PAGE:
locked up on occasion.

At this point I want to start radically modifying the installation; again
I urge you to visit while it retains a semblance of its current state. As
objects are given weight, they'll fall and reorganize the surface; they
may well pile up without falling out of world, at least temporarily; they
may provide new surfaces and cavities to negotiate. It's almost impossible
to document the dynamics of this; things fall too fast for cameras to

When I sleep at night, spaces open up; I'm torn and brought close to death
in nightmare after nightmare, some of which are set in apparently real
environments that slough off into the virtual. A train begins here, the
tracks connect there, leading to dilapidated and jumbled architecture. Or
arousal which disseminates in the midst of prims sharp enough to slice
through site and sound. From Dhananjaya: "'Rasa is that which is made
enjoyable by the behaviour of the characters that gives enjoyment because
the object of the drama is not to enjoy the behaviour of the characters
since that belongs to the past.' (Otherwise, says the author, the specta-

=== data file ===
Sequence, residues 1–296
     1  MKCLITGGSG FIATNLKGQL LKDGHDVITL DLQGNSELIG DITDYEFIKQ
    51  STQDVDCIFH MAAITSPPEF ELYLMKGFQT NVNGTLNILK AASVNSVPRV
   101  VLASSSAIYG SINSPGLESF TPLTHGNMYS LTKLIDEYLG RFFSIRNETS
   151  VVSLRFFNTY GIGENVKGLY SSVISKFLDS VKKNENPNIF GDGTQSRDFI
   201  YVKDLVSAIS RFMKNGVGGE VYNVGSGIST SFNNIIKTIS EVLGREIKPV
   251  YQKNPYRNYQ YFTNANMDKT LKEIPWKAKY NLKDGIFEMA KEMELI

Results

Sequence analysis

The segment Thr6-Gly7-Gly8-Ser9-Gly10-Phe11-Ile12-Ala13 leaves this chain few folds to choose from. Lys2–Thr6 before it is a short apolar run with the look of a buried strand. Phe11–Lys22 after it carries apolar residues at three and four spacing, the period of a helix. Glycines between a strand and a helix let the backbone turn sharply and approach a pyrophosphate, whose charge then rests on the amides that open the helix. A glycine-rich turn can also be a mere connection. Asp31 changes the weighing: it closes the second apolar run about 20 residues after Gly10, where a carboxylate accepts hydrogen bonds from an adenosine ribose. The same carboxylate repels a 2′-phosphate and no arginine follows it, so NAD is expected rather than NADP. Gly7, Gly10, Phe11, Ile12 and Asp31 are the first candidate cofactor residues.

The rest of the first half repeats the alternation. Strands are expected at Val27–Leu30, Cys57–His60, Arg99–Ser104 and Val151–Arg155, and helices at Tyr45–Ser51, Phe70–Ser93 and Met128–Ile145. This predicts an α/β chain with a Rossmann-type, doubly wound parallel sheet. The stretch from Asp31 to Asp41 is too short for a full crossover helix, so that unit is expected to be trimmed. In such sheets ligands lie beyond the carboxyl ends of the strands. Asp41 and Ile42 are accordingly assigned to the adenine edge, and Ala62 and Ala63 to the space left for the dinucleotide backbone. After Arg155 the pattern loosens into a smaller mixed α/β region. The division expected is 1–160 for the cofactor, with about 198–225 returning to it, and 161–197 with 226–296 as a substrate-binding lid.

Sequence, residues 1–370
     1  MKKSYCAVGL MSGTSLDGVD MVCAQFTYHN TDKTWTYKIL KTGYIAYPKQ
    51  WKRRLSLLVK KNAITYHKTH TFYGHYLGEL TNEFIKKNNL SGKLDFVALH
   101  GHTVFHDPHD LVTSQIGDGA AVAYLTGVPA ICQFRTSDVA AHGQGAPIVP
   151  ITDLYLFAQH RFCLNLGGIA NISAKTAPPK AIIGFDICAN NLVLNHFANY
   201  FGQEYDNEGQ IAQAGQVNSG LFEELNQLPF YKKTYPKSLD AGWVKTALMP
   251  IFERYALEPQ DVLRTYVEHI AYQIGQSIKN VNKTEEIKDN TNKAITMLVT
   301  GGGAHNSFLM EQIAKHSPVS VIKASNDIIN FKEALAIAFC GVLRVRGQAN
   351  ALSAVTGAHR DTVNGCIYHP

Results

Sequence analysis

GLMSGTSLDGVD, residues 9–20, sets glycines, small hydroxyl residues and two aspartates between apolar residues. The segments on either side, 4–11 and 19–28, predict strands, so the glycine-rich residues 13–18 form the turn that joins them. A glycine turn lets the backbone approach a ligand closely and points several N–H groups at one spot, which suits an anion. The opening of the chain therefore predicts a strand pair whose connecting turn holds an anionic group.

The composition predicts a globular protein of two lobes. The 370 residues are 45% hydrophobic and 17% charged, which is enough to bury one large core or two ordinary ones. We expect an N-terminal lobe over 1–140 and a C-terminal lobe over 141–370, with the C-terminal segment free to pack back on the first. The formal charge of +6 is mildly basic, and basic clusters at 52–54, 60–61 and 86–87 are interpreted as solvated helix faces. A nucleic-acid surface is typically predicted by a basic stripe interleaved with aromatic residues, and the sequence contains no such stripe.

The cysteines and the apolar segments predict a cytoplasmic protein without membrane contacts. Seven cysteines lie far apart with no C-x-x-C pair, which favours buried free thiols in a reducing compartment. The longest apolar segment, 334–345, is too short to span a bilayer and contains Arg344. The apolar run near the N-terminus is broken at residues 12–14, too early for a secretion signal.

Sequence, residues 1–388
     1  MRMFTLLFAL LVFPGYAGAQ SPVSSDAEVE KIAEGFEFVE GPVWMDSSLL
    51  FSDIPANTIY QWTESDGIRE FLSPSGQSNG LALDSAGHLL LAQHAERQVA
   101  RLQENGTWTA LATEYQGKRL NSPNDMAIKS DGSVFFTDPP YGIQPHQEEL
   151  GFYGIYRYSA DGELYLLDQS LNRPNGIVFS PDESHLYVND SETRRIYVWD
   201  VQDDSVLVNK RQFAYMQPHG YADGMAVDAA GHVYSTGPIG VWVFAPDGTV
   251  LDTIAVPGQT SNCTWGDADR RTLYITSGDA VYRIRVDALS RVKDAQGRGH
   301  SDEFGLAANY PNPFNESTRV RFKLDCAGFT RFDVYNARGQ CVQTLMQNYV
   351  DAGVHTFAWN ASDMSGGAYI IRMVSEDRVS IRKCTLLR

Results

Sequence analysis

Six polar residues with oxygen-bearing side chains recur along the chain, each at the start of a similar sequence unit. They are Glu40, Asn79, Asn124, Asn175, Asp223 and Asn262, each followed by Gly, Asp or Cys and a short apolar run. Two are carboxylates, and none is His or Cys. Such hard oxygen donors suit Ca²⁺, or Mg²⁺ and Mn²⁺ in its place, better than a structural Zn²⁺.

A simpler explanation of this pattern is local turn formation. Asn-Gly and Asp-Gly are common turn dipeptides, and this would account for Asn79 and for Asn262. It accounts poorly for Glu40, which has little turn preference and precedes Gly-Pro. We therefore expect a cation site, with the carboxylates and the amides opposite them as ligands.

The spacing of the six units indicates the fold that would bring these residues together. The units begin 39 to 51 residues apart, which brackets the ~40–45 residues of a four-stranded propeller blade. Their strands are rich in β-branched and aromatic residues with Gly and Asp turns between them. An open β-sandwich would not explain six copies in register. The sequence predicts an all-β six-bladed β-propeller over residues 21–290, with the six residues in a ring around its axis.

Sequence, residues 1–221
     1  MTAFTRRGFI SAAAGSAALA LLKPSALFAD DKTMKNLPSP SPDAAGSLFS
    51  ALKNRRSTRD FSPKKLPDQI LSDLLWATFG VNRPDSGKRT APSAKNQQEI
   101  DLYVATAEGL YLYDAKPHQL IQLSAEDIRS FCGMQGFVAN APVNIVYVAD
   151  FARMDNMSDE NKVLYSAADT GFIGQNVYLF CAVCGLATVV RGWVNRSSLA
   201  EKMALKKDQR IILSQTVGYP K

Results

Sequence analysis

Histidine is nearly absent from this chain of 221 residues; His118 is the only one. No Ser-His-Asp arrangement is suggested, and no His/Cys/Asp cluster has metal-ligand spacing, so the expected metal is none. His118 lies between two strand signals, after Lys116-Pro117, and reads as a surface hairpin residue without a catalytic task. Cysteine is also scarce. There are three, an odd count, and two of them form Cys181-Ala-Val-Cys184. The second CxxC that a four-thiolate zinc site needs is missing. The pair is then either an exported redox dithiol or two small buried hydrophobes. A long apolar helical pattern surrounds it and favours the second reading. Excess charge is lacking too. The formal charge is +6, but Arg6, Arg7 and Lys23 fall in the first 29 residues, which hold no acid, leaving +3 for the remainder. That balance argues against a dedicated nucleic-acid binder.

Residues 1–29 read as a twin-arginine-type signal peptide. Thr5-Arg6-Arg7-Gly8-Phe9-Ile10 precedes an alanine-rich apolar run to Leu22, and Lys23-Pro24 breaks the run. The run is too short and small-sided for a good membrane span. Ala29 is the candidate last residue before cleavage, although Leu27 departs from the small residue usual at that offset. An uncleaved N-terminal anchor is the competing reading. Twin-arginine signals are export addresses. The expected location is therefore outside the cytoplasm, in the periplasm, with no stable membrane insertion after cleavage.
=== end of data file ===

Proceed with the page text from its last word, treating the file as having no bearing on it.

tor might as well himself fall into love with the heroine." And again:
"The spectators enjoy at the site of characters like Arjuna and others
what they themselves feel inside just as children enjoy, playing with clay
elephants, the fervour that is within themselves." (From Adya Rangacharya,
Drama in Sanskrit Literature, Bombay, Popular Prakashan, 1968.) Enjoyment
is not enjoyment in the sense of pleasure, but inhabiting a diegetic cons-
tructed through a series of coded interfaces. In the Second Life instal-
lation, the strange remains strange, but one learns to negotiate complex
trajectories among levels, prims, sounds, spaces, worlds; soon rasa
(flavor among other meanings) emerges as one's eyes are one's avatar's
eyes and one becomes comfortable with hir body. There are no identifica-
tions in the Second Life show, only corners, plateaus, and circulations
that permit discourse, that one might conceivably inhabit. All of these
spaces, like capital, are rickety; Second Life is governed by exchange,
not use value and things constantly threaten to fall apart. The only
certainty is an absence of breakage and death; what is attached for the
most part remains attached, no matter how far it falls, no matter how
sharp and difficult, impossible, the landing. Death in Second Life is
never death, but literally a passing-away; an avatar disappears more or